While the potential benefits of SOA are clear, like the ability to reuse existing assets, the standards picture looks anything but settled. Not only did Forrester Research count some 115 standards floating around SOA and Web services in its most recent study on that topic, but also, it found that just confirming which vendors support which standards is nearly impossible. Yet CIOs must press ahead with SOA projects in order to meet business needs. Hong Zhang, director and chief architect of IT Architectures and Standards at General Motors, has been balancing the standards dilemma with ongoing SOA work for several years. For its part, General Motors learned in its early SOA efforts to identify which standards were most important to what the company was trying to achieve. For GM today, the most important specs are those that help standardize the interfaces among services across the well-defined service layers (presentation, business process and so on) The next most important are those that help standardize the implementation of the services within each of the service layers. As part of developing its enterprisewide SOA strategy, the company is identifying the SOA standards around which of its needs are mature, which should be monitored and which are mandatory. Among these, GM is looking at WS-I Basic Profile 1.1 for enterprisewide interoperability. After this, the company will be able to make a well-informed decision about which vendors and products to use in its broad rollout of SOA. Another SOA adopter, TD Banknorth, has taken a strategy of prioritizing standards adopted by vendors recognized as market leaders in the SOA space (for example, webMethods) and standards recognized by several key standards organizations.

SAXing up the Markup Validator: from Validator to Conformance Checker
Olivier Thereaux, W3C QA News and Articles

The next version of the W3C Markup Validator is gearing up for an upcoming release, via a two-weeks or more beta test period. This new version has improvements in pretty much every area: reliability of validation results, new features, speed improvements, better UI... Many of the improvements and changes have been made possible by using a number of new or updated tools and libraries... Validation, roughly speaking, is the process of comparing a document written in a certain language against a machine-readable grammar for that language. So, when the validator checks a document written in HTML 4.01 Strict, it doesn't actually know any of the prose that one can find in the HTML 4.01 Specification, it just knows the machine-readable grammar (called a DTD in the case of HTML, and most markup languages standardized to date). In some ways, that is a good thing: prose can be ambiguous, a DTD is not. But there are some things you can not define, or enforce, with a DTD: for example, attribute values are defined as being of a certain type (identifier, URI, character data), but their value itself can not be enforced with a DTD. As long as the validator remains a validator stricto sensu, validation will be one of its main limitations... What if the validator knew about the prose in the HTML specifications? Would it not solve the problem? It would help. Of course, the validator would no longer be a validator, but instead entering the realm of conformance checkers. The latest version of the validator can now spot documents in XHTML missing the xmlns attribute for the root html element. The technical side of the issue is now closed, but most of the problems are on the road ahead: (1) The wardens of a certain definition of "validator" will probably not be pleased by such a blatant drifting from formal validation into conformance checking. (2) Some users of the validator will be puzzled to see their once-validating documents now rejected by the validator. It is a natural reaction, particularly from users who tend to consider the validator as a 'reference', forgetful that any software may have bugs, ignoring the too-often-seen note that 'the validator's XML support has some limitations' One way to please everyone may be to only issue warnings, not errors...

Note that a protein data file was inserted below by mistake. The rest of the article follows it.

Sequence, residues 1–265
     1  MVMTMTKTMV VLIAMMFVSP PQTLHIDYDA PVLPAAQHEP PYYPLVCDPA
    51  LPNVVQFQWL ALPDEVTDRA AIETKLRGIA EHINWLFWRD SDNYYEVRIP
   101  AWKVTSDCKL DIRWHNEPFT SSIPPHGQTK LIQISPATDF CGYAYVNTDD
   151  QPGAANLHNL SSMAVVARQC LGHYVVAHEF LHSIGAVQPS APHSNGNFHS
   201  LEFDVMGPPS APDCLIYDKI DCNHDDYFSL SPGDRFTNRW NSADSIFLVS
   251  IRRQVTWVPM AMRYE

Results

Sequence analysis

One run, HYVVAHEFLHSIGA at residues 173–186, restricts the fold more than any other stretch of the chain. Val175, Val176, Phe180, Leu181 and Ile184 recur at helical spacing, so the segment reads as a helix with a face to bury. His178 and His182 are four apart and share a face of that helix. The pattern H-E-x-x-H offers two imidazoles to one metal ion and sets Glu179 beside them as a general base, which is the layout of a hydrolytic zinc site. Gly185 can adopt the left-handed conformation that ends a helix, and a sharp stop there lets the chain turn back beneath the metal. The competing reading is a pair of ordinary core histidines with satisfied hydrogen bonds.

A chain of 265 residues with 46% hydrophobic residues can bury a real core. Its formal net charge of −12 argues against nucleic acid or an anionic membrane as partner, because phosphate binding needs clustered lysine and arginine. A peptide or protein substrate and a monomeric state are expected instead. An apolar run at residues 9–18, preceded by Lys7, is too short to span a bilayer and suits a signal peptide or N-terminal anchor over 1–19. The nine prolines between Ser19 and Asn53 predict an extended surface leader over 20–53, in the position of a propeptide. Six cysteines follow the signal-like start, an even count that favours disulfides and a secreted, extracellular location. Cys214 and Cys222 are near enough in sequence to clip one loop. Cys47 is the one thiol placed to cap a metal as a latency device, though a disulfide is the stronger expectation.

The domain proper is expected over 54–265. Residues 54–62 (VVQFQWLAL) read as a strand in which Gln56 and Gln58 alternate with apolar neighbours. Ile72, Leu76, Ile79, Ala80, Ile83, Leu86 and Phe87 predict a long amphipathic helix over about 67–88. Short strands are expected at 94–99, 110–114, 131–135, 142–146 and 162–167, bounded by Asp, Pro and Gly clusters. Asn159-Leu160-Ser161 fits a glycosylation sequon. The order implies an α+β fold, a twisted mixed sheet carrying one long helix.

See also: Validator 0.8.0 upgrade notes

The Open Sourcing of FLEX
Kurt Cagle, O'Reilly Opinion